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At least half of 16 properties acquired in the years 1937 and 1938 in Berlin came from Jewish-owned families. All were acquired at less than market price, as was a plot of Jewish owned land in Bremen.

In Berlin the Bialystock family had a fashion shop next to C&A , Heinrich Chaim Bialystock had already left Berlin for Belgium due to increasing crimes committed against Jews. His wife Franya had stayed behind to finish up the shop and would follow her husband.

During the Kristall Nacht their shop got damaged but also some of the C&A shop. The Brenninkmeyers insisted and made Franya Bialystock pay for the damages to the C&A shop too.The Bialystocks were eventually arrested in Belgium and both died in Auschwitz on 21 September 1942.

In the Jewish ghetto of Lodz, 70,000 people had to perform forced labour.

Around half of them worked in tailoring, shoe and leather manufacturing.

By the autumn of 1944, the German arm of C&A was turning over 22 percent of the whole of the ghetto’s industry turnover.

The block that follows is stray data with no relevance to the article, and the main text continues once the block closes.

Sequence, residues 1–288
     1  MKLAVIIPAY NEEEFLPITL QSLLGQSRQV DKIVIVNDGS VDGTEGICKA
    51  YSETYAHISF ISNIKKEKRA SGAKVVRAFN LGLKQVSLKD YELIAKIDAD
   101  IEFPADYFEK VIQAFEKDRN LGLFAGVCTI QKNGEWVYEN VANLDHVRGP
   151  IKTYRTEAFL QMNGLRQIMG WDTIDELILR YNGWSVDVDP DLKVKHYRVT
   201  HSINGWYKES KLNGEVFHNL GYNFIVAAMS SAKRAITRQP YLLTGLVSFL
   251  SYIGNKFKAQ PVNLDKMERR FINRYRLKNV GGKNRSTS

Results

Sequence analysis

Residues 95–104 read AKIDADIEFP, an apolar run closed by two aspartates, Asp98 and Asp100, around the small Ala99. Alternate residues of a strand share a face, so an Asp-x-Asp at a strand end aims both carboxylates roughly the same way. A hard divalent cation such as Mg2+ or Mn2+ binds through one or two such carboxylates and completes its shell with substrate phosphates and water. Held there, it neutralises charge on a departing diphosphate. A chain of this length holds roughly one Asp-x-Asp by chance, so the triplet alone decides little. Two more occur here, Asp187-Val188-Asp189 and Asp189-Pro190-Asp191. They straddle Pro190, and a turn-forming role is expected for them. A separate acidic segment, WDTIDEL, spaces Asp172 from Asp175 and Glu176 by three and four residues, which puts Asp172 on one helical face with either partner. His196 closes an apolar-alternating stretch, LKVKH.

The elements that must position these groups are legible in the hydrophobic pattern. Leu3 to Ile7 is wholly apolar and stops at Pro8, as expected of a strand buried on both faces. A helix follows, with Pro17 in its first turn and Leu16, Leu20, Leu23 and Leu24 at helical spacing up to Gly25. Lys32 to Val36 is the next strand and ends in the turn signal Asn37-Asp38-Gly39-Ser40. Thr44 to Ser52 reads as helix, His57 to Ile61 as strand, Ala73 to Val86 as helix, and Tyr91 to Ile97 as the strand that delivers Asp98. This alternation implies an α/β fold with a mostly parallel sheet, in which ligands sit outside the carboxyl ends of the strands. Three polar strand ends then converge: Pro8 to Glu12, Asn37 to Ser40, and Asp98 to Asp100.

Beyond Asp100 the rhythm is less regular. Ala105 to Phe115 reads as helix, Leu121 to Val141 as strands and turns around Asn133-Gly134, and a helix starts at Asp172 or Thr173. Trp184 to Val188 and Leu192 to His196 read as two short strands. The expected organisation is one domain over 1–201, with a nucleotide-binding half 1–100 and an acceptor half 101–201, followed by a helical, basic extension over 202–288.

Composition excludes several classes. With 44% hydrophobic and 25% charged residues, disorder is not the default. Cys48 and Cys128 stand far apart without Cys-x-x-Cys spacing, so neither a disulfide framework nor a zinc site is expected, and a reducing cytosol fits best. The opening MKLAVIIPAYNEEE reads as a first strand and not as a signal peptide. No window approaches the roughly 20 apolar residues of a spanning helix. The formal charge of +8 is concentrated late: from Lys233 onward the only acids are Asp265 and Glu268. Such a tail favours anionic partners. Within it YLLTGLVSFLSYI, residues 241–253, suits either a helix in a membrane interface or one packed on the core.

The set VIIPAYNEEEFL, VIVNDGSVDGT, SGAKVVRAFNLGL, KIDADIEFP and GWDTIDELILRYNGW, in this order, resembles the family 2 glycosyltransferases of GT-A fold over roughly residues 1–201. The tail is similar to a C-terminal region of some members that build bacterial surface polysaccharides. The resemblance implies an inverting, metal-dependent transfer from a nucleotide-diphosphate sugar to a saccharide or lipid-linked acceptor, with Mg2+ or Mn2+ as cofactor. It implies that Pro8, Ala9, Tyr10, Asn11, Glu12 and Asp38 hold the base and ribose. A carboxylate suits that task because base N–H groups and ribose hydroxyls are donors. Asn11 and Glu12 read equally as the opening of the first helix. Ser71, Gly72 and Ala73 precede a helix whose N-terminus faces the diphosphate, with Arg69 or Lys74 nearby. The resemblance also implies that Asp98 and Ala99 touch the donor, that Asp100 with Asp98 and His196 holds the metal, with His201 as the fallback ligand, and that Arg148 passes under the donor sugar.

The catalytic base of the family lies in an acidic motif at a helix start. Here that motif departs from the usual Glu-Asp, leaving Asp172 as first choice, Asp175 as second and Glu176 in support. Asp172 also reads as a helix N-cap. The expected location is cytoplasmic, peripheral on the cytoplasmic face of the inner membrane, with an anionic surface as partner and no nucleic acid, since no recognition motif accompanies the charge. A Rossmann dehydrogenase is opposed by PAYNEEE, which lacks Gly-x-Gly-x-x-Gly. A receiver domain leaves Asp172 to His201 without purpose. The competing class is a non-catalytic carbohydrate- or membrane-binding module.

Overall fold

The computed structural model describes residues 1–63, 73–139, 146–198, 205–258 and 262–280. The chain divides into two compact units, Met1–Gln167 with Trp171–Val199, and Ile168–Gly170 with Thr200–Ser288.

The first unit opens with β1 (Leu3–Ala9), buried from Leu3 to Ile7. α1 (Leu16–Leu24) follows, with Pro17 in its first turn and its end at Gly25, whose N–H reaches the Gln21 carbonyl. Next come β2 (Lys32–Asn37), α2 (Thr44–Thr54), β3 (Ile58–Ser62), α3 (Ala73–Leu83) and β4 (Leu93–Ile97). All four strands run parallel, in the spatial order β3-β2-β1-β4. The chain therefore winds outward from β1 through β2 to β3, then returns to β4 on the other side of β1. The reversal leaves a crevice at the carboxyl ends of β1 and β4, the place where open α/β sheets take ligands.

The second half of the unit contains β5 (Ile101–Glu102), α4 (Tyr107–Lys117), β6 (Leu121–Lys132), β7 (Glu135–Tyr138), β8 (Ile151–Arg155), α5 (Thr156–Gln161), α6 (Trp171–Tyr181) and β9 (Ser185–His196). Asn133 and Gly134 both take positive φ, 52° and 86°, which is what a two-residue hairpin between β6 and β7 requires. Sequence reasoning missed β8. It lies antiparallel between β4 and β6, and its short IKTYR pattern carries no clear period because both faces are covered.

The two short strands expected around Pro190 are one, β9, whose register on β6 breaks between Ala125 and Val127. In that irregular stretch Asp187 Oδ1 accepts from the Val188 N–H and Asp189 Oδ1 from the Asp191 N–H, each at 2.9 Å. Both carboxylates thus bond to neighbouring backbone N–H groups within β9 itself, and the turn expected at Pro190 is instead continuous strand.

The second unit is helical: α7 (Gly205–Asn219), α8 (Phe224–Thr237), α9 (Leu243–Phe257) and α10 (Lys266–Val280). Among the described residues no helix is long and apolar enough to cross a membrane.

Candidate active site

During the course of their employment with the firm, four young women and five children died of malnutrition deaths  C&A is mainly responsible for.
Although C&A’s headquarters before 1939 were in Amsterdam, the British arm of the company turned over one of its warehouses in 1940 for use by the Dutch government in exile.

Bernard Brenninkmeijer in London hoped that the Germans would soon be stopped.

But his cousin Rudolf Brenninkmeijer in Berlin sucked up to the regime in Berlin and dreamed of the ‘final victory’ over Britain.

‘There can be no doubt after reading the history that the German line of the firm had exploited the plight of Jewish owners.

‘It was less out of ideological than for opportunistic reasons,’ said the Neue Zürcher newspaper in Switzerland.To give credit to the Brenninkmeyer family, in 2011 they commissioned historian Mark Spoerer, to research the company’s dealings with the Third Reich.His research uncovered all these findings.The family have opened up an archive relating to their time during WWII.

Currently the 6th generation of the Brenninkmeyer family is at the helm of the business.